Fossilized remains of Torvosaurus have been found in North America and Portugal. In 1971, Vivian Jones, of Delta, Colorado (USA), in the Calico Gulch Quarry in Moffat County, discovered a single gigantic thumb claw of a theropod. This was shown to James Alvin Jensen, a collector working for Brigham Young University. In an effort to discover comparable fossils, Vivian's husband Daniel Eddie Jones directed Jensen to the Dry Mesa Quarry, where abundant gigantic theropod bones, together with Supersaurus remains, proved present in rocks of the Morrison Formation. From 1972 onwards the site was excavated by Jensen and Kenneth Stadtman. The type species Torvosaurus tanneri was named and described in 1979 by Peter Malcolm Galton and Jensen.[2] The genus name Torvosaurus derives from the Latin word torvus, meaning "savage", and the Greek word sauros (σαυρος), meaning "lizard".[7] The specific name tanneri, is named after first counselor in the First Presidency of The Church of Jesus Christ of Latter-day Saints Nathan Eldon Tanner.

In 1985, Jensen could report a considerable amount of additional material, among it the first skull elements.[8] The fossils from Colorado were further described by Brooks Britt in 1991.[6] The holotype BYU 2002 originally consisted of upper arm bones (humeri) and lower arm bones (radii and ulnae). The paratypes included some back bones, hip bones, and hand bones.[2] When the material described in 1985 is added, the main missing elements are the shoulder girdle and the thighbone.[6] The original thumb claw, specimen BYUVP 2020, was only provisionally referred as it had been found in a site 195 kilometres away from the Dry Mesa Quarry.[2] The holotype and paratypes represented at least three individuals: two adults and a juvenile.[6] In 1991 Britt concluded that there was no proof that the front limbs of the holotype were associated and chose the left humerus as the lectotype.[6] Several single bones and teeth found in other American sites have been referred to Torvosaurus.[6]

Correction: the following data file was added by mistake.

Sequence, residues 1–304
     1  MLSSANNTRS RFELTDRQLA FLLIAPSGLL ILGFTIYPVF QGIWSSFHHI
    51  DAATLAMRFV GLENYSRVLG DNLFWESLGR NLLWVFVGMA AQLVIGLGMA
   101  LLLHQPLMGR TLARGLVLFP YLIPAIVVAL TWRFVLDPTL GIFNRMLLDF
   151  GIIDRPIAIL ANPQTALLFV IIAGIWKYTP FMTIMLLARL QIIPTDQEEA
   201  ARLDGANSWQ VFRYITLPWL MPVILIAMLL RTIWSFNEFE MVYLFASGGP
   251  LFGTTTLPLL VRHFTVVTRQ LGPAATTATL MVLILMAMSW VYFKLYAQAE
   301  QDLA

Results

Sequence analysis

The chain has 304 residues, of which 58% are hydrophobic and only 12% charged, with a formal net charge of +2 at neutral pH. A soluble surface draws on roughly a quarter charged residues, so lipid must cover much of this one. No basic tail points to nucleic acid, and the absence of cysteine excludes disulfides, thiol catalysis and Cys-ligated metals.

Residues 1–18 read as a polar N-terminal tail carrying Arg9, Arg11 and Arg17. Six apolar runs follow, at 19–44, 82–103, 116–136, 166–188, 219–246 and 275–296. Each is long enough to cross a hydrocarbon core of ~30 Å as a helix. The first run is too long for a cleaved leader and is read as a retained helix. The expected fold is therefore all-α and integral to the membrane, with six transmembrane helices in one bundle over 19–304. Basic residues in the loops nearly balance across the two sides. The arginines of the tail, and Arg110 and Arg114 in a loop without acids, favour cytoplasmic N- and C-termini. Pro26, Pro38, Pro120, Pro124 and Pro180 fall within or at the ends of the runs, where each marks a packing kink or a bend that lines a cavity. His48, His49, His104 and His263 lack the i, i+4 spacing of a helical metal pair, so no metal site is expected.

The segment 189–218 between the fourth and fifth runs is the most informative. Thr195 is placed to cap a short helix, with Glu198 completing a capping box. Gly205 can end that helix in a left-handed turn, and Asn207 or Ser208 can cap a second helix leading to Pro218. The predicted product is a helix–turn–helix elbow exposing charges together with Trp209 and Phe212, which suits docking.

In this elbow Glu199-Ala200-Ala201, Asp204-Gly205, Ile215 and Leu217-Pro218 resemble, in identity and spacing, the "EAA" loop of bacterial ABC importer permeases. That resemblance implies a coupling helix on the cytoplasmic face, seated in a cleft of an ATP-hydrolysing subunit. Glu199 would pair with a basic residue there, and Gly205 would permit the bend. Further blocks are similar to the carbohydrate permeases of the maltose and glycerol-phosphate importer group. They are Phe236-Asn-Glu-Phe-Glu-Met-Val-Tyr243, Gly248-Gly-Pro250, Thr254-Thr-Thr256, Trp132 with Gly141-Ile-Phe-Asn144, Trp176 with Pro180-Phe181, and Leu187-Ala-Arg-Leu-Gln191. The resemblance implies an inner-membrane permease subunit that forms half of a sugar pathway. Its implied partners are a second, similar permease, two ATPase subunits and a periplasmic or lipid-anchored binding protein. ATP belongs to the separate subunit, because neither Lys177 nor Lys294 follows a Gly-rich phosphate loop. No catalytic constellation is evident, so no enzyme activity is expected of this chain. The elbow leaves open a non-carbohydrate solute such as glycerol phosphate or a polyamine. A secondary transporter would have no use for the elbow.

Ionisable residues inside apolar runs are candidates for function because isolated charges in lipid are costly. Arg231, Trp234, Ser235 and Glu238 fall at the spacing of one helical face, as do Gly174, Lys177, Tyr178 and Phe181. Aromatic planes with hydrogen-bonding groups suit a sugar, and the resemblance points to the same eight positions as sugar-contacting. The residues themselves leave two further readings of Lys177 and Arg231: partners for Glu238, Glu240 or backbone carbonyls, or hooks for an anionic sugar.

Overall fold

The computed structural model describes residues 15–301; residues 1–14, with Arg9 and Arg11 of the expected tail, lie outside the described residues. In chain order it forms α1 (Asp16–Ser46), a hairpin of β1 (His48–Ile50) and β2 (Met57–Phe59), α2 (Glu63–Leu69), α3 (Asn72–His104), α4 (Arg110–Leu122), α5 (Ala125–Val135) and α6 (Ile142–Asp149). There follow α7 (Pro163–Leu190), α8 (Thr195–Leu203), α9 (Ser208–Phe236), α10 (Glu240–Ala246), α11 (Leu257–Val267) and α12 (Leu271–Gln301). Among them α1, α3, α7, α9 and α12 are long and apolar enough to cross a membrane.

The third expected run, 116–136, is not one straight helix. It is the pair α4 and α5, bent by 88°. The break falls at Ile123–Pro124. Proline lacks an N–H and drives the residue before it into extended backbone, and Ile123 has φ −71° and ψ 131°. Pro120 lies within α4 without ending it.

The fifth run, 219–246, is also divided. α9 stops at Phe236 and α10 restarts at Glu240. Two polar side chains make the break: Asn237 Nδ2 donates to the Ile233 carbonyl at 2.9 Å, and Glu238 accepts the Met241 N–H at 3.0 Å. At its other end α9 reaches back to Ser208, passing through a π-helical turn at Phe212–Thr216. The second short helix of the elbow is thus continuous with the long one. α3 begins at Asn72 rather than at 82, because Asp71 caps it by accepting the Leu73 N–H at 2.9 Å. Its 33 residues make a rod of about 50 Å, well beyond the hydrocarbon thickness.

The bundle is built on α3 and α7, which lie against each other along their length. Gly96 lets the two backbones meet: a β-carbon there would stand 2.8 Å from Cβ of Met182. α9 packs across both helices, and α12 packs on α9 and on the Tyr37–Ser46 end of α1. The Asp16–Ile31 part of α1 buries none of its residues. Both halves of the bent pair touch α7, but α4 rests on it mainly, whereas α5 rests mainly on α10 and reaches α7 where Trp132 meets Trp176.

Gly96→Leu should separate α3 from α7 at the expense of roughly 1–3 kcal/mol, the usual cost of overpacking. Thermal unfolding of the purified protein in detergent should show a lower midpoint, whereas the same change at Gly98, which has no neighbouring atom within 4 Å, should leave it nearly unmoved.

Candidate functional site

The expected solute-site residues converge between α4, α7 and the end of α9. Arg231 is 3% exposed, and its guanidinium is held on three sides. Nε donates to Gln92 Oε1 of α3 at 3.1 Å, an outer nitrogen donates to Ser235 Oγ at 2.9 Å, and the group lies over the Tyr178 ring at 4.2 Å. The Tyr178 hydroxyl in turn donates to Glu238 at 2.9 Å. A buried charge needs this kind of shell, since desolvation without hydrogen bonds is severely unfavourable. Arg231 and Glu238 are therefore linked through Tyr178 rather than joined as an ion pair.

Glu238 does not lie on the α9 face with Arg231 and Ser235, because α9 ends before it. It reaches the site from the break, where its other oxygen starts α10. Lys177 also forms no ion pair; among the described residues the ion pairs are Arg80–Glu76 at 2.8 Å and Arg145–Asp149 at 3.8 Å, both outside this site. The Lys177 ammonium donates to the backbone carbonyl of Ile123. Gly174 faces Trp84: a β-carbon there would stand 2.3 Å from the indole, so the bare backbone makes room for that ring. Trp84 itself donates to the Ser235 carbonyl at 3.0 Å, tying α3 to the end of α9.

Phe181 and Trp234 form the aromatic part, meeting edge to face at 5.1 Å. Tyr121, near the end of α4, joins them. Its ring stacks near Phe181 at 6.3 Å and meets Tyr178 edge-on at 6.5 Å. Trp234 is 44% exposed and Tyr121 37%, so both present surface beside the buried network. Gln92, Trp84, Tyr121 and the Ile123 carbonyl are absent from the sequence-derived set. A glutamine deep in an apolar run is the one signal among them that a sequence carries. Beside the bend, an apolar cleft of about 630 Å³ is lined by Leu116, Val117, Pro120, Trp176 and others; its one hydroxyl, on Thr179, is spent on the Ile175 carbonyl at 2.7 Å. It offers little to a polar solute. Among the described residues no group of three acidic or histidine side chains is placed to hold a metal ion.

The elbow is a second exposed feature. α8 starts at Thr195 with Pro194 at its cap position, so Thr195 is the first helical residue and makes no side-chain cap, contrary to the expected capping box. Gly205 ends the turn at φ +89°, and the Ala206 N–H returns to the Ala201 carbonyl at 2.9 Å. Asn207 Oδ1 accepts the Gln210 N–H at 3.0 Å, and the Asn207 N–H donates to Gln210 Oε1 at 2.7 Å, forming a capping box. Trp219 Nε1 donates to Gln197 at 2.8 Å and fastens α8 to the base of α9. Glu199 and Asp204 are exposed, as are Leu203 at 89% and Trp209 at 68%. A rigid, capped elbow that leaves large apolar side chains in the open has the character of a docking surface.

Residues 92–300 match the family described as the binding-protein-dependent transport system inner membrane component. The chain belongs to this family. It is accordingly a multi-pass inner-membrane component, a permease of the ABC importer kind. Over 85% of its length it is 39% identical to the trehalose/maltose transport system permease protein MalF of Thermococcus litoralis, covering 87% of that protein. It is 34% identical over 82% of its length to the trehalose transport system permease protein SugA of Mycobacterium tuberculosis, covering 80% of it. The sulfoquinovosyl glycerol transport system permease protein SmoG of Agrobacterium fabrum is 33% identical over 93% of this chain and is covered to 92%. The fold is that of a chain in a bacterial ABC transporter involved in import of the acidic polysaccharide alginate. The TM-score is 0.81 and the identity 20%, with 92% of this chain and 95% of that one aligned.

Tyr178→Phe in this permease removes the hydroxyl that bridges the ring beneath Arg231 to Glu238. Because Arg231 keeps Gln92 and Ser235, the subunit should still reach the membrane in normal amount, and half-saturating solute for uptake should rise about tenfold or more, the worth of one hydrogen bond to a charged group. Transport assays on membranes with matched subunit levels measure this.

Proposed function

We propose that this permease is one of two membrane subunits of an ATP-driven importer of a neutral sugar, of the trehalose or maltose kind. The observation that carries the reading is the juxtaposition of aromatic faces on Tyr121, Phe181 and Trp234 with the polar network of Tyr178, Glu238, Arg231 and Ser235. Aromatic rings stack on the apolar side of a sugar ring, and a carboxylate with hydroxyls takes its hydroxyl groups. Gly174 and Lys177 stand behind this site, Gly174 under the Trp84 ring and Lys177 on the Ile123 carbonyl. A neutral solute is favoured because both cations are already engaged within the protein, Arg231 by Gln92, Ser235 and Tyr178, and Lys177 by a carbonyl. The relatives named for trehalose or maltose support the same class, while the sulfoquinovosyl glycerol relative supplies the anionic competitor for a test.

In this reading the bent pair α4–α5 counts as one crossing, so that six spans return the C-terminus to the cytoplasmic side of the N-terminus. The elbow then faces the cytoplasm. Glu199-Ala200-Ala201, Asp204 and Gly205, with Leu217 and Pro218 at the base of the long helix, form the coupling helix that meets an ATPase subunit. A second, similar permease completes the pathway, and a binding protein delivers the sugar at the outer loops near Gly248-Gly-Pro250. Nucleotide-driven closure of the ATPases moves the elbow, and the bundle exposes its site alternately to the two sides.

Torvosaurus
Maxillae of T. gurneyi and T. tanneri compared